Nicaragua's New Day by Andrew Cockburn
Thirty-two years after the revolution that rocked this hemisphere—and on the eve of a fraught election (Daniel Ortega, again?)—Andrew Cockburn savors Nicaragua's natural charms and political paradoxes (and does some fine fishing, too).
Time runs differently in Nicaragua, as became obvious during my final approach into Managua's Augusto C. Sandino International Airport. Though it was late April, brightly colored Christmas lights glowed around the city, with one particularly impressive display close to the shore of Lake Managua visible from miles away. On the ground, people complained about the heat but confidently predicted the imminent onset of invierno—winter—which would bring rain.
The past intrudes on the present here in a variety of ways. Most city streets, for example, have no names or numbers. Managuans give their addresses in reference to places that often no longer exist. Many vanished landmarks come up in conversation this way: "two hundred meters behind where the Pepsi plant used to be" or, most charmingly, "next to where the little tree used to be." The convention dates back to Managua's near-total destruction in the December 1972 earthquake. Familiar surroundings obliterated, the survivors could designate locations only by what had been. Re-creating their city, they moved away from the lethally unstable historic downtown and sensibly eschewed high-rises. The result is a sprawl of neighborhoods spreading south from the lake toward the mountains under a canopy of green treetops, as if the city were infiltrating a forest.
Here, the dock of the stylish (and sustainable) Jicaro Island Ecolodge, on its own tiny island in Lake Nicaragua. In the distance is Mombacho Volcano. Opposite: The path to Mombacho, in a nature reserve just outside the city of Granada.
Dictator Anastasio Somoza Debayle lost his palace to the earthquake, but he recovered quickly enough to loot much of the international aid flowing into the devastated country, thereby confirming the belief among Nicaraguans that his viciously corrupt regime had become intolerable. The hill on which the palace once perched is now part of the Loma de Tiscapa Historical National Park, and after settling into my hotel, I made my way there for its stunning city views—north to what was, pre-earthquake, its commercial heart, and south over a pretty little crater lake and much of what is now greater Managua.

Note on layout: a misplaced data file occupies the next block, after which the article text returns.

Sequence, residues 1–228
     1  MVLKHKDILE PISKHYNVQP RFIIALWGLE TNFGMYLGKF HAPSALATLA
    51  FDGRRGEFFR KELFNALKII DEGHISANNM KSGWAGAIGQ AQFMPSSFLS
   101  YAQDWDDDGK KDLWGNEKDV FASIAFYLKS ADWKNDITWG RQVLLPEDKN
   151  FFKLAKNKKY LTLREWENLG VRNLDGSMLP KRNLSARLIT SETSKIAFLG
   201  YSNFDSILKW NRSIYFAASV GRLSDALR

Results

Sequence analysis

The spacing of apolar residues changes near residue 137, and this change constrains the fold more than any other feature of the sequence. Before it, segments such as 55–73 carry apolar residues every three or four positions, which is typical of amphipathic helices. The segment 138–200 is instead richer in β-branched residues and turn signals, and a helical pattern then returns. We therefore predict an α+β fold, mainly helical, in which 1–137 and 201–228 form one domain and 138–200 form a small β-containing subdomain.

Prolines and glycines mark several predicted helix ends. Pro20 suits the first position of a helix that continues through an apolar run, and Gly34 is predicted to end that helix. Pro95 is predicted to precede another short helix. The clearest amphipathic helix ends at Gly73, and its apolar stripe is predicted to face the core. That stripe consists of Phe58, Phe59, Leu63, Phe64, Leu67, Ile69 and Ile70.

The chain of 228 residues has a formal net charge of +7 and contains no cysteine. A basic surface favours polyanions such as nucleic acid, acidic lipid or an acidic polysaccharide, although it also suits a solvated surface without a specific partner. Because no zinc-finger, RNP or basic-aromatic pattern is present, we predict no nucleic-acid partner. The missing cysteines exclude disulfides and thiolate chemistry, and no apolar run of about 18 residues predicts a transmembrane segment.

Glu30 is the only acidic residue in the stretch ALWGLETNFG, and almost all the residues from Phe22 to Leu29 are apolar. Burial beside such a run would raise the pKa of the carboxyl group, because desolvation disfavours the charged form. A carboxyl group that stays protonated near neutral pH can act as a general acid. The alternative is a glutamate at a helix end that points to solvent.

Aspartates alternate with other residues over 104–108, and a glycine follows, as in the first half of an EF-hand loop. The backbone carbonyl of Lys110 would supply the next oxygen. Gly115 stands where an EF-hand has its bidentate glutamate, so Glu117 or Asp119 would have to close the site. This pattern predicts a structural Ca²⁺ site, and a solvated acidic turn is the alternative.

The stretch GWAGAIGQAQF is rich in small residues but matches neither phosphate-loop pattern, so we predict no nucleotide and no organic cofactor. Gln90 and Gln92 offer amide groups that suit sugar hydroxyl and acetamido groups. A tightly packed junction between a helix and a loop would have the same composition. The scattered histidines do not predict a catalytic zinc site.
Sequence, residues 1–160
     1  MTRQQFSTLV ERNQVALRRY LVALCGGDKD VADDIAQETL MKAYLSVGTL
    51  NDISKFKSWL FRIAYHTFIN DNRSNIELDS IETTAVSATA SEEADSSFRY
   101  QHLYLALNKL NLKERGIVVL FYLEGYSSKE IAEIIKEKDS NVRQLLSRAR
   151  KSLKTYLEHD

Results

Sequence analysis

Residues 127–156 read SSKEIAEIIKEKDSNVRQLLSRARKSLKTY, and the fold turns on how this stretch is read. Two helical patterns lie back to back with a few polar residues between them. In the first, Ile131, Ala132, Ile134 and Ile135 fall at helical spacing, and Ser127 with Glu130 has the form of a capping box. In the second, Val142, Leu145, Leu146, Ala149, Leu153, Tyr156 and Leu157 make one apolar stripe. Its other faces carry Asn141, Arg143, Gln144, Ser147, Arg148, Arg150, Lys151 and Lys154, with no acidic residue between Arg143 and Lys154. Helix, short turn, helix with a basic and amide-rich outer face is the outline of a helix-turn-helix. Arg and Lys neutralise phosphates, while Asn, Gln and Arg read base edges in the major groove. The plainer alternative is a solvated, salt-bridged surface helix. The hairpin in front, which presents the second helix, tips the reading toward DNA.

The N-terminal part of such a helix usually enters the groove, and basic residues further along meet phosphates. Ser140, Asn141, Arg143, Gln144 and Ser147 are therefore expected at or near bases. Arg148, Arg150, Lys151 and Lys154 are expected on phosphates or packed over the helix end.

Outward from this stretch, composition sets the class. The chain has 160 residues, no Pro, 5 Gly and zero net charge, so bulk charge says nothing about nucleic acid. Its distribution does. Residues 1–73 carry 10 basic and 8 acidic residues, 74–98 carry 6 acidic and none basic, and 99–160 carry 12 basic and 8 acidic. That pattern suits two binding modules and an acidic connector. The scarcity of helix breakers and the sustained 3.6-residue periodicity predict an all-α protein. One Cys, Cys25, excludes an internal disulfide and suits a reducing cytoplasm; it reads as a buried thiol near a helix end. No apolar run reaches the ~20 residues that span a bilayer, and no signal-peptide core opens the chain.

At the summit I found a giant black statue of Augusto C. Sandino, the early-twentieth-century leader of guerrilla resistance to American occupation, who was treacherously murdered by Somoza's father. Given that Sandino was the inspiration and namesake of the Sandinista National Liberation Front (FSLN), the ruling revolutionary party that drove Somoza from power in 1979, I would have thought the statue would be the most visible object in the neighborhood. Interestingly, it is not. A few yards away towers a significantly taller, four-sided billboard promoting the candidacy of President Daniel Ortega for reelection this coming November. One side exhorts, "Viva la Revolución!"—exactly the sort of talk that led Washington to launch a bloody secret war against the Sandinistas in the 1980s—but the effect is belied by a large pink heart, reminiscent of a valentine, featured alongside. Another side promotes Ortega's campaign slogan: "Christian, Socialist, and in Solidarity." Clearly we've come a long way since President Ronald Reagan evoked the specter of leftist Sandinista invaders heading for Harlingen, Texas.
Much of the text on these and other posters is done, I'm later told, in the handwriting of First Lady Rosario Murillo, who combines a powerful grip on the levers of power with an affection for the symbols of the 1960s. The ubiquitous billboards followed me as I left the park and moved east, away from the old downtown to the current "Metrocentro".